An interesting upgrade is happening right now to a technology that you have used all of your life, but I would bet dollars to donuts that you have no idea it exists. I didn’t until recently.
I refer to ATSC 3.0, rebranded as NextGen TV, which has the option of bringing a sweeping change to television coming via rabbit ears rather than fiber optic cables. It has recently appeared in Boston, although it’s only just kicking into gear, and it’s not clear when it will be used by New Hampshire broadcasters.
ATSC 3.0 is the latest version of the Advanced Television Systems Committee standards defining how over-the-air television signals are broadcast and interpreted. Broadcast signals currently use version 1.0, which was introduced in 1996 but didn’t become universal until the switch from analog to digital TV in 2009. (We skipped over 2.0 for some reason.) You need an ATSC 3.0 compatible TV or a special set-top box to handle the signals.
While future uses including interactivity are still being developed, the immediate effect is to allow better audio and video or more channels. If that sounds familiar, the same thing happened when we switched from analog signals to digital; this is the next step up.
“In the last transition we added GBH World, Create, Kids,” said Shane Miner, chief technology officer at WGBH, Boston’s PBS station. “This transition would allow us to increase the number of services we provide at same quality or we could increase the quality for the same number of services. They either see us better, or they see more of us.”
GBH is one of several Boston channels using Univision’s antenna to broadcast ATSC 3.0. Madeleine Normand, president of Advanced Television Systems Committee, which is developing standards for and lobbying for NextGenTV, explained that antenna-sharing is made necessary by this rollout’s voluntary nature. That’s in comparison to the mandatory switchover to digital broadcast in 2009, which included extra space on the broadcast spectrum allowing both to be done at once.
“There is no extra spectrum this time. You cannot have 1.0 and 3. 0 in same RF channel at the same time – there’s no simulcast – so you buddy up with somebody in the marketplace. One station says you, partner, will carry my 1.0 stuff in your band and I will carry your 3.0 stuff in my RF band,” she said. (RF is “radio frequency,” the outdated-sounding term for parts of the broadcast spectrum.)
An advantage of this system, said Miner, is that it was relatively cheap for GBH to make the transition, compared to all the new equipment needed for the 2009 transition. A disadvantage is that it will be difficult to get the service to rural areas served by a single transmitter.
The interesting part of NextGenTV, however, isn’t the picture and sound, it’s the possibility of interactivity. Interactivity is limited by the standards of the Web but it does allow some signals to go from your remote back out through the airways, serving locations that can’t afford or access Internet or have much cell-phone service.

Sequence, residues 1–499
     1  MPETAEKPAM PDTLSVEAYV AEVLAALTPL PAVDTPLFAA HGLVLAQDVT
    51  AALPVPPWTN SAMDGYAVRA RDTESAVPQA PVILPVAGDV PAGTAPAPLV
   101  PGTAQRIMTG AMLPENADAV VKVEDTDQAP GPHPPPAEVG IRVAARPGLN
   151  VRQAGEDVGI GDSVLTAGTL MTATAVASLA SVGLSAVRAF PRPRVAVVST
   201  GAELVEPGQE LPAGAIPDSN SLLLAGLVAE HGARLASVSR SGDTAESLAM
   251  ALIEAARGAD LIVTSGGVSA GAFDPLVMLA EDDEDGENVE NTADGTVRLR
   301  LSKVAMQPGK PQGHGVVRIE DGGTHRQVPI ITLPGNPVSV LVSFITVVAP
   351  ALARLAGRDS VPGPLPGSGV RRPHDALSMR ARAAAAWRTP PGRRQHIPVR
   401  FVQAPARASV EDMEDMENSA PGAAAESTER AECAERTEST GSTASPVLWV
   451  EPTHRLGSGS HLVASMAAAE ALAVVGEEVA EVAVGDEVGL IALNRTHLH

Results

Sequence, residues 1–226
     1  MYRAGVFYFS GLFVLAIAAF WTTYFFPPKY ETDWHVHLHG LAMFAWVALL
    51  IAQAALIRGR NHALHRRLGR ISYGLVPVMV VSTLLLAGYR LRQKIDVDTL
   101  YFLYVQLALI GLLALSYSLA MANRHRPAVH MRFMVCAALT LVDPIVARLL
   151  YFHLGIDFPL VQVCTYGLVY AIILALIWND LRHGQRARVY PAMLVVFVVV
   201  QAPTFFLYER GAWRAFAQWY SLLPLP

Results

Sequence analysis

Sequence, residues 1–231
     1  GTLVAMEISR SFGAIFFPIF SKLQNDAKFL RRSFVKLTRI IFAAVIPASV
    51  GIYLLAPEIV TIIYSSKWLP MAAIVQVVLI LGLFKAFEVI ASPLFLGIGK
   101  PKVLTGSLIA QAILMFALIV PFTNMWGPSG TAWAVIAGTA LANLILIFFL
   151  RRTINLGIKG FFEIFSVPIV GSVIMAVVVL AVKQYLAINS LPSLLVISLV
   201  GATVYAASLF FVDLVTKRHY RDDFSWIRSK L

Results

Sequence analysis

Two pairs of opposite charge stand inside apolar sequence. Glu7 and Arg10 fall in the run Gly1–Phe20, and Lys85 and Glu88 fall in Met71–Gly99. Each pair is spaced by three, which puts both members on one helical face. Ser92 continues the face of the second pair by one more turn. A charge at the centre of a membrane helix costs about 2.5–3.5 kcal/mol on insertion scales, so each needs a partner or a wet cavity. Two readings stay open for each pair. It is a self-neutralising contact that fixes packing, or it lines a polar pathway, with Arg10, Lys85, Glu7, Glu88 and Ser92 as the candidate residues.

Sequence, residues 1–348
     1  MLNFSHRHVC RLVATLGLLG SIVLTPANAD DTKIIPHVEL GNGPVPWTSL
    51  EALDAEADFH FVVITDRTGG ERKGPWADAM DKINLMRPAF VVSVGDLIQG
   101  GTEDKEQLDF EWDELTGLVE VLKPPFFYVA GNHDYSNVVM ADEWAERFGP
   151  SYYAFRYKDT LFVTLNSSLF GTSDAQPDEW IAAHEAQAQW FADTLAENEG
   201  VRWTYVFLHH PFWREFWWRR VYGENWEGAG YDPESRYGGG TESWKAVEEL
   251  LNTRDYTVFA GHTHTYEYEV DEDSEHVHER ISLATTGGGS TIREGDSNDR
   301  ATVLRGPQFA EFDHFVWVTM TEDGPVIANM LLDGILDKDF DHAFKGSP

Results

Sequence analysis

“PBS is working with local or regional school districts to deliver educational content at home. We learned in a pandemic world that (internet service) is not equally accessible to all at-home learners. But OTA (over-the-air) transmission is free and readily available for students to consume and do work at home. To level part of that playing field, that is a real mission-oriented focus for us,” said Miner.
ATSC 3.0 is like the early days of dial-up modems: decent download but very little upload. Right now you can push a button on your remote to do things like answer a question on a test and maybe buy something if the for-profit channels have their way, but not much more. Uploading data of any kind still requires internet or cell connectivity.
“A lot of households don’t have zero internet but do have very limited internet: maybe the only two-way channel in the house is mom’s cellphone. (NextGenTV) lets you get classroom material – all of that comes down through ATSC 3.0 pipe – then use narrow band to send your questions or homework or test answers,” said Normand.
Miner noted the system is being studied to provide schooling in prisons, where internet and cell service is limited or forbidden. It might also be useful for telemedicine, although that will be very limited because two-way chatting with a nurse or doctor isn’t feasible over ATSC3.0.
What is feasible is emergency management, since TV signals are a great way to blast information to a large area, going beyond a mere warning to let people do things, to things like escape route maps if there’s a disaster.
“We are working with local/state/regional emergency management associations,” said Miner. “I think that has an enormous benefit, very mission-centric: What can we do to make this better?”
Providing emergency management notifications would be particularly useful because an even older broadcast medium that currently carries warnings is on the way out. Automakers are going to stop including AM radio in electric vehicles because the motors cause serious interference with the signal.
In fact, in-car broadcast is one of the things that ATSC3.0 may make possible, for better or worse. The possibility is under investigation by various parties. TV signals do a better job of blanketing the country than cell signals so it would be useful for emergency management.
This technology is arriving slowly, mostly because it’s voluntary. The pick of set-top boxes and TVs is still relatively limited – Normand suggests you buy TVs branded NextGenTV, an industry certification, although other ATC 3.0 sets exist – and we won’t see really interesting services for a while.
“These big infrastructure projects can have a long, long way to go before they get really realized,” said Miner of GBH. “ATSC 3.0 is still in its early days. But we’re excited to see what we can do.”